Difference between revisions of "Should it be illegal to use animals for sports and entertain"

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INTRODUCTION:- Animals today are still a huge part of the sport and entertainment industries. Cultural traditions such as fox hunting and bull fighting, as well as horse and dog racing in the sporting world, not to mention animals performing tricks at circuses, are all examples of how we take advantage of animals simply for our own entertainment. Opinion has always been divided about the way we treat and use animals for food or to test products but their involvement within our entertainment industry seems to have been overlooked. for example, the bullfighting, the Spanish tradition between one bull and one man. It has been a popular sport in Spain for many years and is considered a normal activity just like going to watch a football match. In Spanish culture it is a symbolic and respected event. On the other hand, some people believe the way the bull is treated is distressing for the animal. The matador, the man who fights with the bull, will taunt and eventually kill the animal. Is this an acceptable form of sporting entertainment? Another example is a horse or dog race . In the UK, these races are extremely popular and many people will bet money on a particular animal to win the race. It’s exciting to attend one of these races and feel the adrenaline rush through your body as you watch the animal you’ve put money on run as fast as it can. Is it fair though that we subject these animals to these conditions? Some people think that using animals in sports should be banned as unlike humans, animals can’t choose if they want to take part or not. Not to mention the risks of injury, especially in a sport like horse racing, where the horses fall over when trying to jump a hurdle. Animals have been performing in circuses for years and although it is banned in the UK for animals to be in a circus, others areas of the world still use wild animals like lions, tigers and bears as entertainment. The main reason animal circuses were banned in the UK was the terrible conditions these animals were kept in, as well as the methods to teach these animals how to perform tricks, which included electrical shocks and food deprivation. However, some people believe that if better laws were put in place to ensure the correct treatment of these animals, then the circus could be a place to embrace animals and show children the positive relationship between humans and animals. The sporting and entertainment world still involves animals within its industries but perhaps improved laws should be put in place to ensure enjoyment for both humans and animals.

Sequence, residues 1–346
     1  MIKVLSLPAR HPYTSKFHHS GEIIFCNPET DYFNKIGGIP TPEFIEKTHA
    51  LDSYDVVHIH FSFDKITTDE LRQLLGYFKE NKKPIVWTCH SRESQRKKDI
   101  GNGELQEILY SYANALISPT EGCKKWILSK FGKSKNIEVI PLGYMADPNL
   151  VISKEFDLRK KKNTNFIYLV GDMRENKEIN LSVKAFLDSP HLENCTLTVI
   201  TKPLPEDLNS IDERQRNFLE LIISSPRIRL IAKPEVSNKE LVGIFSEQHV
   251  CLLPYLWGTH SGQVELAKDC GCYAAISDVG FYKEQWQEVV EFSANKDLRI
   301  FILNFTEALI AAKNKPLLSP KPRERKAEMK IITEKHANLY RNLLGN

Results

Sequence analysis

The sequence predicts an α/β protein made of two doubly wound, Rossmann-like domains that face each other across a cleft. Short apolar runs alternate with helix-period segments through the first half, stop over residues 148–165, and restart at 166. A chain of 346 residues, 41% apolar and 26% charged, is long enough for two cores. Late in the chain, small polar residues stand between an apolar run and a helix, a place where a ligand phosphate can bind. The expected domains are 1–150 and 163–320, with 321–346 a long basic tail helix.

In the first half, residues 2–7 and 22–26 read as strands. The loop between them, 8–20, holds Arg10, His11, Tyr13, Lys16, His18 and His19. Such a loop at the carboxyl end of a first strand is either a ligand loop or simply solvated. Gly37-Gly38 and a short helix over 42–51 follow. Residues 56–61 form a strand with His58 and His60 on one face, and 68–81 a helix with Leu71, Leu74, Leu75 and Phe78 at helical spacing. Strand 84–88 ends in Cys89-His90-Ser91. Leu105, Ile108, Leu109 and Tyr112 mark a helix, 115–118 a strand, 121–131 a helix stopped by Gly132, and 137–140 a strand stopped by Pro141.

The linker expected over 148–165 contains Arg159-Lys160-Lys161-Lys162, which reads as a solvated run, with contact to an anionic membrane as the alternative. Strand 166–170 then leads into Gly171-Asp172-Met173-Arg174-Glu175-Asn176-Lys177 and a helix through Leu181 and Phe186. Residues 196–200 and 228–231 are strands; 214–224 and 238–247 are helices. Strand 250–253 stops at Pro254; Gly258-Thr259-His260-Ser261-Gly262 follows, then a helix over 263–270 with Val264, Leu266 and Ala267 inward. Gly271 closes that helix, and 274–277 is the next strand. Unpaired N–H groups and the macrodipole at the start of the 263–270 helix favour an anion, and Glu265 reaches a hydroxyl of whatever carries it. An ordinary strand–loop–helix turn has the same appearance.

All cultures throughout history have used animals in the context of sport and entertainment, from Roman chariot racing up to present day hunting, racing, and circuses. The issue here is not whether or not we can use other species for our own purposes - we can and it is only natural - the issue is animal cruelty, which everyone can agree should be ended. The proposition needs to demonstrate that the practices they are referring to are cruel - it is not enough to appeal to vague principles such as animal rights. There are two categories of activity that are acceptable: first, killing animals that are pests or that are going to be eaten; and secondly, using animals in enjoyable human sports in ways that do not involve cruelty.

Hunting and fishing are natural activities - many other species in the wild kill and eat each other and there is no reason why we should be any different. These sports are always undertaken for a rational reason and are never gratuitous - they are either to exterminate pests or to provide food. In the case of foxes they are pests. Most of the alternative ways of killing them are more cruel - e.g. trapping, snaring, or shooting, which often have the end result of maiming the fox and leaving it to die slowly of starvation and infection. A fox killed by hounds dies instantaneously. In the case of killing animals to eat - such as fish, or game birds such as pheasants and grouse - the justification is even more straightforward; it is the most natural activity in the world to hunt and eat. And given the controversy surrounding the welfare of animals in modern farms, it would seem preferable to eat an animal that had had a free and happy life in the wild than one that had been reared in a factory farm. In the case of fishing, many anglers who fish for sport throw their catches back in, so the fish come to no lasting harm.